Bacon, Nor for my manhood, honesty, and wisdom, Whetber some hero's fate,

To lec you know my thoughts. In words worth dying for, he celebrate.

Shakspeare. Othelle. Cowley.

Jests for Dutchmen and English boys. For he writes not for money, nor for praise,

Cowley. Nor to be called a wit, nor to wear bays.

The' offers he doth make,

Denham. Were not for him to give, nor them to take. There we shall see a sight, worthy dying for, that

Daniel. blessed Saviour, who so highly deserves of us.

It is a reasonable account for any man to give, why

Boyle. he does not live as the greatest part of the world He is not disposed to be a fool, and to be miserable do, that he has no mind to die as they do, and perish for company. Tillotson. with them.



Is it for you to ravage seas and land,

Neither doubt you, because I wear a woman's apUnauthorized by my supreme command ? parel, I will be the more womanish; since I assure

Dryden. you, for all my apparel, there is nothing I desire His sire already signs him for the skies, more than fully to prove myself a man in this enterAnd marks the seat amidst the deities. Id. prize.

Sidney. Notwithstanding.

They resolute, for all this, do proceed This, for any thing we know in the contrary, might

Unto that judgment.

Daniel. be the self-same form which Philojudæus expresseth.

Though that very ingenious person has anticipated Hooker.

part of what I should say, yet you will, for all that, God's desertion shall, for aught he knows, the next

expect that I should give you a fuller account. minute supervene. Decay of Piety.

Boyle. Probability supposes that a thing may or may not

If we apprehend the greatest things in the world be so, for any thing yet certainly determined on of the emperor of China or Japan, we are well enough either side.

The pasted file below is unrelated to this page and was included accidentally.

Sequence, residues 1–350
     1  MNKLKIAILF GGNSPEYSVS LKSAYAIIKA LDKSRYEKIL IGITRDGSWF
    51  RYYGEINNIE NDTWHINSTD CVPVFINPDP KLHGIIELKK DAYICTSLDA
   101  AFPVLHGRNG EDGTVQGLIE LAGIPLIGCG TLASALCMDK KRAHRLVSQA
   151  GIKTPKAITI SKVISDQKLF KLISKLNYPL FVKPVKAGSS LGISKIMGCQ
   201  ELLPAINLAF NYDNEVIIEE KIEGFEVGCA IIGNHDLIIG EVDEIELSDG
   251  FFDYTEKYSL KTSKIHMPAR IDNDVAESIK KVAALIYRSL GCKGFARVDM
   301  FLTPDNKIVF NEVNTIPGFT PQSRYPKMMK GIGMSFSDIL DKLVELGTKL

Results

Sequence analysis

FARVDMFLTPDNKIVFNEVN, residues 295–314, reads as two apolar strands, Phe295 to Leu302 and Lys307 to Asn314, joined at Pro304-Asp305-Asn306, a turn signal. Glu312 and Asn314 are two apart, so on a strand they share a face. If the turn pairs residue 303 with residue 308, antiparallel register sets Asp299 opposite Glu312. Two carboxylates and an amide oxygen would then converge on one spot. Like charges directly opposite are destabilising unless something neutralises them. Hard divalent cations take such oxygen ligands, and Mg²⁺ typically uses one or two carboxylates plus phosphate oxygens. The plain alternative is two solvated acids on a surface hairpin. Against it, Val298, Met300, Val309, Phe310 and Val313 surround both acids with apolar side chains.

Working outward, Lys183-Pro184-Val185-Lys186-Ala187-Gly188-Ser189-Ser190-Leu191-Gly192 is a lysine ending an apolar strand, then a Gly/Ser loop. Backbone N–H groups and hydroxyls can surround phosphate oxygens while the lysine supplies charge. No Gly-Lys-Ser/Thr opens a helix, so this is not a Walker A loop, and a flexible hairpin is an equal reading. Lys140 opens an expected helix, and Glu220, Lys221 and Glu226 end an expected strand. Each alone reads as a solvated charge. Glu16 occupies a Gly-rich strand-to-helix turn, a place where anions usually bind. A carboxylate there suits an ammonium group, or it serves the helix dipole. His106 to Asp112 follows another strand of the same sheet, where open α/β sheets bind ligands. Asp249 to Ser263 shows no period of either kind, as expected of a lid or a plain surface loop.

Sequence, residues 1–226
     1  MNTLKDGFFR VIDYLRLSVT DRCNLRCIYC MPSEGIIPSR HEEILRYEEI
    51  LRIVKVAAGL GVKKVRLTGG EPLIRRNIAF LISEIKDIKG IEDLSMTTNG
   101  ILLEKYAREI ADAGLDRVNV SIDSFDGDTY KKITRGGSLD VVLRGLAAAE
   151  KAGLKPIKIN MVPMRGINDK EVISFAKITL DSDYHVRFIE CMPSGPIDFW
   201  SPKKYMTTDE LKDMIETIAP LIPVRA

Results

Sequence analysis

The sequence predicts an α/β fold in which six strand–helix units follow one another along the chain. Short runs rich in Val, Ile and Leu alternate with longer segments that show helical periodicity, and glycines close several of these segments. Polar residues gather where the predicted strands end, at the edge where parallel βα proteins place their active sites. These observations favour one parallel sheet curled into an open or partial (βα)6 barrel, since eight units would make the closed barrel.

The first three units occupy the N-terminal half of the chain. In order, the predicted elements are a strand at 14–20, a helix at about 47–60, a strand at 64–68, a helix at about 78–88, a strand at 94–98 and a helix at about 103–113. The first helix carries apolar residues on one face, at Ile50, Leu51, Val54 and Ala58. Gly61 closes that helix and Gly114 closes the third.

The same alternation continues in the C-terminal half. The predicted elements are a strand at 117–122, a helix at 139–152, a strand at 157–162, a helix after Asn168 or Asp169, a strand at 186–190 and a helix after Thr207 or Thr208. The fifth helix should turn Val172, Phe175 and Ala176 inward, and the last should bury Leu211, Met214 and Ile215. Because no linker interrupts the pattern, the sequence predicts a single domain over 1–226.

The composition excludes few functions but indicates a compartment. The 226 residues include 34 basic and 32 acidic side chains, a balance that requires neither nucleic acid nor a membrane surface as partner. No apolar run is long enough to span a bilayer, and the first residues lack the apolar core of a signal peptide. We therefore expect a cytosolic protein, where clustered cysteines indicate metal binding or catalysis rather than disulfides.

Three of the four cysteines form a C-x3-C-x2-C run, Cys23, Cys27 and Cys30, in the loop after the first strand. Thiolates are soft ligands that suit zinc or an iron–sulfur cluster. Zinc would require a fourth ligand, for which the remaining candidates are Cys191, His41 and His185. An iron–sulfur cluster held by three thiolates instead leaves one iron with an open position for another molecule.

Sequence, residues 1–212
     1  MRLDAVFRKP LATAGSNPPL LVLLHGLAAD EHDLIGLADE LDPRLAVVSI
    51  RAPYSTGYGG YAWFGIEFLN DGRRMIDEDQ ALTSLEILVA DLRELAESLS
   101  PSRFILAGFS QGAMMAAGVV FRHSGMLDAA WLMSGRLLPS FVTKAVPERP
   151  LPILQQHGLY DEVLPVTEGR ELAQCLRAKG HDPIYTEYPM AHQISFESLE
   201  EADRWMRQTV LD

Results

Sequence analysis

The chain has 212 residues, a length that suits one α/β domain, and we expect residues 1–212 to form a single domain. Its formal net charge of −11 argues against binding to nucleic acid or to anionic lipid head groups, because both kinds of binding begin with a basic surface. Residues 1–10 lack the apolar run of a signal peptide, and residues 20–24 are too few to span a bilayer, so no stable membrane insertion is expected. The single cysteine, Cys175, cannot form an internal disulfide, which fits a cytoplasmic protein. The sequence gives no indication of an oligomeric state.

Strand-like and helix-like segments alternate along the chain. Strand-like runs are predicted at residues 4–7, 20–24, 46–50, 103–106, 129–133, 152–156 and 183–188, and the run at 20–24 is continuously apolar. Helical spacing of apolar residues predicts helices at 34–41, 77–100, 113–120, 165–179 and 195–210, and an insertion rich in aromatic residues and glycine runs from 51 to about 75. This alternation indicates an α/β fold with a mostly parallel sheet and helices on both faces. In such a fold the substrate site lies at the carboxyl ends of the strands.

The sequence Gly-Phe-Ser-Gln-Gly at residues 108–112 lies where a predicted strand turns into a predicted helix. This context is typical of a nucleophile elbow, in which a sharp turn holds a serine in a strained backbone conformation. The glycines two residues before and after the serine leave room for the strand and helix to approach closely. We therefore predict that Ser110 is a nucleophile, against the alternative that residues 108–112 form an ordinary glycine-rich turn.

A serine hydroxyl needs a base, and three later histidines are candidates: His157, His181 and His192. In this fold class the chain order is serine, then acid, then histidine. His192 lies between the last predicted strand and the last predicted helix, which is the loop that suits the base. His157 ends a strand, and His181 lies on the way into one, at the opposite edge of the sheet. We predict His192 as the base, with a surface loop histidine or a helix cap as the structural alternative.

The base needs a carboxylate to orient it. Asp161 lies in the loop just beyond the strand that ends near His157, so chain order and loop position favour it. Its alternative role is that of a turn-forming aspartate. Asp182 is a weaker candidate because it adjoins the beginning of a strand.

South contented, for all that, to let them govern at home. If such vast masses of matter had been situated


fleet. aearer to the sun, or to each other, as they might as She might have passed over my businesses; but my easily have been, for any mechanical or fortuitous rabble is not to be mumbled up in silence, for all her agent, they must necessarily have caused a consi- pertness.

Dryden. derable disorder in the whole system. Bentley. For all bis exact plot, down was he cast from all his

For any thing that legally appears to the contrary, greatness, and forced to end his days in a mean conit may be a contrivance to fright us. Swifi. dition.

South. To the use of; to be used in.

For to. In the language used two centuries The oak for nothing ill,

ago for was commonly used before to, the sign The osier good for twigs, the poplar for the mill. of the infinitive mood, to note the final cause.

Spenser. Your understandings 're not bright enough for the in the same sense with the French pour. Thus

As, I come for to see you, for I love to see you: exercise of the highest acts of reason.


it is used in the translation of the Bible. But In consequence of.

this distinction was by the best writers someFor love they force through thickets of the wood, They climb the steepy hills and stem the food.

times forgotten; and for, by wrong use, appearDryden.

ing superfluous, is now always omitted. In recompense of; in return of.